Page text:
I had this idea to take a portrait of someone walking in a field. A shot like this is nothing new or revolutionary, but it’s a bit out of my usual space.
I do not have the resources when it comes to acquiring models etc, as it’s not really my area of photography. So instead of using my poor wife again for the umpteenth time, I asked my cousin if she would be willing to play model and she was kind enough to agree and get up at 4am to catch the light on location at 5am.
Saturday morning came, and after running a little late due to a small miscommunication, the weather was good to us and the sun sat behind the clouds for an hour or two for me to complete my testing of the 56mm.
On Sunday I was itching for more. So I took it with me on some berry picking with friends and a trip to one of our upper-market shopping centres, which has a bit of a European feel to it.
Some of the images were in midday-sun, so the results were not to my utmost liking. What I did get I was able to work with, and I was lucky that in some cases I was able to shoot under some shaded netting.
I should be comparing it to the 85mm f/1.4, but I don’t have that luxury, so this example will have to do.
I have shot a lot with an 85mm f/1.8 on my Nikon early in 2013. I found the Fuji 56mm smaller, yet heavier due to the construction being metal vs plastic. The aperture ring is just like the new 23mm, feels good and clicks into place nicely, the whole lens feels solid and well-built.
The depth of field is smooth and dreamy and all-in-all just hypnotically beautiful.
In general use and comparing it to my 35mm, it focuses quieter and faster, and does not hunt like the 35mm.
I have shot portraits with the 60mm and it’s a great lens, but its AF is slow and hunts like crazy, especially in bad light. While I see there are some really good deals on the 60mm, I would advise to save up a bit more and acquire the 56mm.
The 56mm on the X-Pro1 worked without a problem. Though it did complain about firmware, I used it anyway, as you can read in the first post on the 56mm here. Only little annoyance I experienced was when you put the lens on the camera and put it down, it isn’t flush with the surface. The lens sits slightly lower than the body, making it a little wobbly. This of course will not affect your photography in any way, but personally I did find it a little vexing.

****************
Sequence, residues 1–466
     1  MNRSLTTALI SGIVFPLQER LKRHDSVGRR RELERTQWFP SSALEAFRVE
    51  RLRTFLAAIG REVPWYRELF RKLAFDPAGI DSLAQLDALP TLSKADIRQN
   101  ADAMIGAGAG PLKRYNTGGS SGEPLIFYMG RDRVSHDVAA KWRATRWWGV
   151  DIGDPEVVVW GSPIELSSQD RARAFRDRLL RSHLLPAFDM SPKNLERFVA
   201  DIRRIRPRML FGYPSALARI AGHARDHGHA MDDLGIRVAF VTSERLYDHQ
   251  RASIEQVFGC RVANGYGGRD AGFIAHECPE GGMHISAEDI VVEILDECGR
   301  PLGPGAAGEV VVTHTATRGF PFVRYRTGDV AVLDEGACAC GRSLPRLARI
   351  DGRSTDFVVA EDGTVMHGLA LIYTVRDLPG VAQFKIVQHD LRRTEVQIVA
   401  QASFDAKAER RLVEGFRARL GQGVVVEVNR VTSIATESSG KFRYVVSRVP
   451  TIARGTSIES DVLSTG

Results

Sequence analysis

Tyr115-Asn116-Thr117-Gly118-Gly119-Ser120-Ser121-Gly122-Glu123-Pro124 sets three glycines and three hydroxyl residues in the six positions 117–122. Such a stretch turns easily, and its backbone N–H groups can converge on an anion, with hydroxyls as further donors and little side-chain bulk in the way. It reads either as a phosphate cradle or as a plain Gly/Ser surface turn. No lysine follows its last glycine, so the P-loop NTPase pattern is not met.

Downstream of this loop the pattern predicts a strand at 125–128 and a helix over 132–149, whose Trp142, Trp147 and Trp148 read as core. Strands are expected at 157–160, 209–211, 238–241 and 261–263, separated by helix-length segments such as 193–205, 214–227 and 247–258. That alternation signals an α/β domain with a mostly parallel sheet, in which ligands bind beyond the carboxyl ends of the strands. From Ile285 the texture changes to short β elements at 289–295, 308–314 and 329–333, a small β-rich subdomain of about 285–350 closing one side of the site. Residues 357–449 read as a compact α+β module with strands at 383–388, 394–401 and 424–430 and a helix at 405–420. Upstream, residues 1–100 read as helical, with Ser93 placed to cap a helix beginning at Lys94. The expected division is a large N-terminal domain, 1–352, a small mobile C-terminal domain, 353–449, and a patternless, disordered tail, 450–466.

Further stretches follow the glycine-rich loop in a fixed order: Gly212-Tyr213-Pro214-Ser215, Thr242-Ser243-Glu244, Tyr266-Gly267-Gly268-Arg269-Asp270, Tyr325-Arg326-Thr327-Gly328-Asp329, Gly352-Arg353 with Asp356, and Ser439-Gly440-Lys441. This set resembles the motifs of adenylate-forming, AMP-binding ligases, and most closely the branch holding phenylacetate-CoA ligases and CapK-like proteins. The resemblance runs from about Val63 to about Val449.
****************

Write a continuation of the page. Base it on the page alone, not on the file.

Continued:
Just to touch on the X-T1 again. This camera is great, fast and spot-on in the performance from the menus to the access to the SD card.
I only shot in jpeg, as there is no current RAW-support in Lightroom for the X-T1. The AF performed well, and I was happy with it for my needs. The AF-C is something to get used to and almost felt like a hit-and-miss at times. However, most of the time I was impressed when an object moved away from or towards me.
I did try the AF on some small birds. Now, I am no bird photographer, and can’t really compare it to the a DSLR. But in my own opinion, I doubt it will work for bird or sport photography just yet.
I forced myself to use the battery grip on Saturday’s shoot, and found I was struggling at first mostly due to my lack of ever using one. However, as time went by it became easy and natural, the only issue is getting your thumb to the directional button (D-Pad) to change focus points, but again that is very much a muscle memory. It would be nice if the functions you define on the D-Pad would rotate when you used the camera in portrait mode with the battery grip.
The grip does add some weight and size and gives the camera a far more pro-DSLR look. With that it does lose some of its compact appeal for me, however it is still far smaller and lighter than your semi- to pro-bodies like the D600.
I’ve shown and let a few of my photographer friends try out the camera, whom all mostly come from the DSLR world and they’ve all found the camera very interesting. While some liked the buttons and sub-dial placement, most just loved the retro look and feel of the camera and the feeling they get. That fussy feeling and that sort of status you feel about the camera.
I do get the feeling this camera will attract more DSLR users over people who are already using the X-Pro1 or X-E1/2.
The Remote App
While the wifi transfer of images are really cool on the X-E2, it was not a big must for me, but the remote app is just so cool. Allowing you to control 90% of the camera from any smart device was really impressive. I think if you’re a landscape photographer or do a lot of long exposures, this will be a must tool in the field.
I did not get around to try the Remote App practically, but the image transfer to the iPad, while having coffee after Saturday’s early shoot was really handy to talk, discuss and laugh at the images.
While I get to test and play with new and old equipment from Fujifilm South Africa, I do this of my own accord and do not get paid or compensated for any of the reviews I do.